Some of the most common storage rack questions our experts receive ask about OSHA’s requirements for capacity marking, anchoring, and stacking height. While the regulations don’t address those issues, OSHA does use the General Duty Clause to cite hazards involving anchoring, lack of load ratings, and other rack issues.
Storage racks can pose hazards if not correctly designed, installed, inspected, and maintained. Employers using steel racks should obtain and review ANSI/MH 16.1, Design, Testing, And Utilization Of Industrial Steel Storage Racks. This industry standard addresses anchoring, load ratings, load configuration, inspection, and maintenance, among other things. OSHA references this industry standard during inspections.
Although the regulations don’t specifically require listing the capacity rating on storage racks, OSHA has used the General Duty Clause to cite for this, particularly if a rack collapsed from overloading. Even without a collapse, racks that sag or show other evidence of overloading could be accidents waiting to happen.
To justify a General Duty Clause citation, OSHA may refer to the rack manufacturer’s recommendations or to ANSI/MH 16.1. These sources allow OSHA to show that a recognized hazard might be avoided with a load rating sign.
Rack base plates include holes for anchor bolts to secure it to the floor. Use only bolts designed for this anchorage. While OSHA’s regulations don’t cover this either, the manufacturer (and the ANSI standard) recommend securing the rack to the floor. Those sources give OSHA the foundation for a General Duty Clause citation, since failure to anchor the racks would create a recognized hazard.
Some employers also want to anchor racks to walls, roof structures, or other building components. However, those areas are not normally intended to handle the extra stress. In addition, damage to the wall or other structure could transfer to the rack, creating unintended consequences.
As with capacity labeling and anchoring, OSHA doesn’t specifically regulate stacking height. However, the regulation at 1910.176(b) says that storage of material must not create a hazard. Bags, containers, or other materials stored in tiers must be stacked, blocked, interlocked, and limited in height so that they are stable and secure against sliding or collapse.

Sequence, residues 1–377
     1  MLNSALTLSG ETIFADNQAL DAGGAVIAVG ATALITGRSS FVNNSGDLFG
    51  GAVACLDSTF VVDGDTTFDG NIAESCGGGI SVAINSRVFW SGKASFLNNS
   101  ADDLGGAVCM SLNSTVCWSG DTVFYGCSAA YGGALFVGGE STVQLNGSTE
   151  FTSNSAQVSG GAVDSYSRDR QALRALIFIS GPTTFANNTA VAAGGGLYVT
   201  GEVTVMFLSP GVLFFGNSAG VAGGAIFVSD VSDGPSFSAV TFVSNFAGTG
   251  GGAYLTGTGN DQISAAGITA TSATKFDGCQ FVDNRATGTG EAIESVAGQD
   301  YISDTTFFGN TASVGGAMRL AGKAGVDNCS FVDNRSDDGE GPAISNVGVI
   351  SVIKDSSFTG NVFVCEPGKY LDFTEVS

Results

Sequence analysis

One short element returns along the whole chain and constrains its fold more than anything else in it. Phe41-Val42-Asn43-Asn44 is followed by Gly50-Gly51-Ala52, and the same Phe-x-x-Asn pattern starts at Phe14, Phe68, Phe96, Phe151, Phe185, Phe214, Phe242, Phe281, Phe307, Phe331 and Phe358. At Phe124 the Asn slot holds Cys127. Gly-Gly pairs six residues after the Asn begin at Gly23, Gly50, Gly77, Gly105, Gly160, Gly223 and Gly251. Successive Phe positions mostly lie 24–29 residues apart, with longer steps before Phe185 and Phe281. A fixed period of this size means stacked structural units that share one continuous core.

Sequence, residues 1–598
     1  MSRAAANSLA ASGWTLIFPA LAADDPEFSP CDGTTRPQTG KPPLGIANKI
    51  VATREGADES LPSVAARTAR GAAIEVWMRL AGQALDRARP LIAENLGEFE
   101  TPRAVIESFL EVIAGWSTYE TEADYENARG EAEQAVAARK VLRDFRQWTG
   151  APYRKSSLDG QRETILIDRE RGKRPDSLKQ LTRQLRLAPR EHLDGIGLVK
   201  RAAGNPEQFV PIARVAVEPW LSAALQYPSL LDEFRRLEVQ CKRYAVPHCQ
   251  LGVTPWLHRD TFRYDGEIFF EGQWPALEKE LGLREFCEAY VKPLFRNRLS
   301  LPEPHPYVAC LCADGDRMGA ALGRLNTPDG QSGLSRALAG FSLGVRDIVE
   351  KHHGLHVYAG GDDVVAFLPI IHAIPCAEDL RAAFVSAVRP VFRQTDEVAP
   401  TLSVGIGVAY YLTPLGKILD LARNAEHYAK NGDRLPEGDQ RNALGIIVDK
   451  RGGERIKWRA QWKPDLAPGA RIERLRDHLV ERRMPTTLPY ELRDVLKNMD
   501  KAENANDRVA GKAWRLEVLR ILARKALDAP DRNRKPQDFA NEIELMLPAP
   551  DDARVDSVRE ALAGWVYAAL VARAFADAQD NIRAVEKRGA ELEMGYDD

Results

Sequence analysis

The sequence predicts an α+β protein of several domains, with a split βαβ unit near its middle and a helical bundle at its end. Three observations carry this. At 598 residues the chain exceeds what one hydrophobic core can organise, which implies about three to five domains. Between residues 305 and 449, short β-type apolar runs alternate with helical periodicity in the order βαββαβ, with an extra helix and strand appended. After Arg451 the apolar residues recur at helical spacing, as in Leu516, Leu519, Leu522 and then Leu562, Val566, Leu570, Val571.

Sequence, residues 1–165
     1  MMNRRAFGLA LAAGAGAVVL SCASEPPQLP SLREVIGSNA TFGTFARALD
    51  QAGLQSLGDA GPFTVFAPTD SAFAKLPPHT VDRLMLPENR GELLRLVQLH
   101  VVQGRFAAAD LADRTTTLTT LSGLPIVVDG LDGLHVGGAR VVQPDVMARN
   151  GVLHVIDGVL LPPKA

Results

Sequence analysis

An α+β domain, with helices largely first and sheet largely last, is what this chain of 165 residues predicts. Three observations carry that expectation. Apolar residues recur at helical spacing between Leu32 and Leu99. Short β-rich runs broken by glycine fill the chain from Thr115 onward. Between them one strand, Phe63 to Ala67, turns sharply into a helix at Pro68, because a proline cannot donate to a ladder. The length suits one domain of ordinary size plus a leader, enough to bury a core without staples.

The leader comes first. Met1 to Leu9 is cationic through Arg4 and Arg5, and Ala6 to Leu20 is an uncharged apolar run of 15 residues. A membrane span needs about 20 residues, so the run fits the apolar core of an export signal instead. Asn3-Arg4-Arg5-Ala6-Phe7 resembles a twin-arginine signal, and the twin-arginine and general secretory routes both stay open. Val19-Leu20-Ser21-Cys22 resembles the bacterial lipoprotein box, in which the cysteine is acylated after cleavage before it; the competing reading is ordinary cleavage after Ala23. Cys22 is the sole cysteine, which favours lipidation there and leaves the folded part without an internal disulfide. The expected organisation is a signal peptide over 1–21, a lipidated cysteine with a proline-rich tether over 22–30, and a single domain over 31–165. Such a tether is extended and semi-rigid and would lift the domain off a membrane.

Avoid using damaged pallets, and when placing the pallet, make sure it fits into the rack’s support members. Unless the rack is designed for it, prohibit double-stacking of pallets.
Another limiting factor on height is the clearance for overheat sprinklers. Paragraph 1910.159(c)(10) requires a minimum vertical clearance of at least 18 inches from stacked materials. This clearance ensures that stored items don’t block the sprinkler’s discharge pattern.
Where forklifts or similar trucks are used, racks can easily get damaged. The forklift’s tines or the pallet itself can bend a rack and even knock it over. Also, a forklift operator may strike the rack or support. If operators cause damage, they should report it immediately, but they don’t always do so. Adding guards around the racking support can help minimize damage from impacts.
Even with guards, employers should conduct periodic inspections for damage. Damaged rack sections may have to be removed from use until evaluated and repaired or replaced. Repairs should use only manufacturer-approved components and should be performed by a qualified person. Do not allow “good enough” repairs using improvised materials.
In nearly every workplace, some employees manually handle boxes, bags, or other materials. Larger loads require using forklifts, conveyors, or even slings and cranes. To learn how to avoid common hazards, watch our archived webcast “OSHA Material Handling and Hazardous Materials” from Thursday, November 30, 2023. This presentation covered storage and handling, including proper storage of flammable liquids and compressed gasses.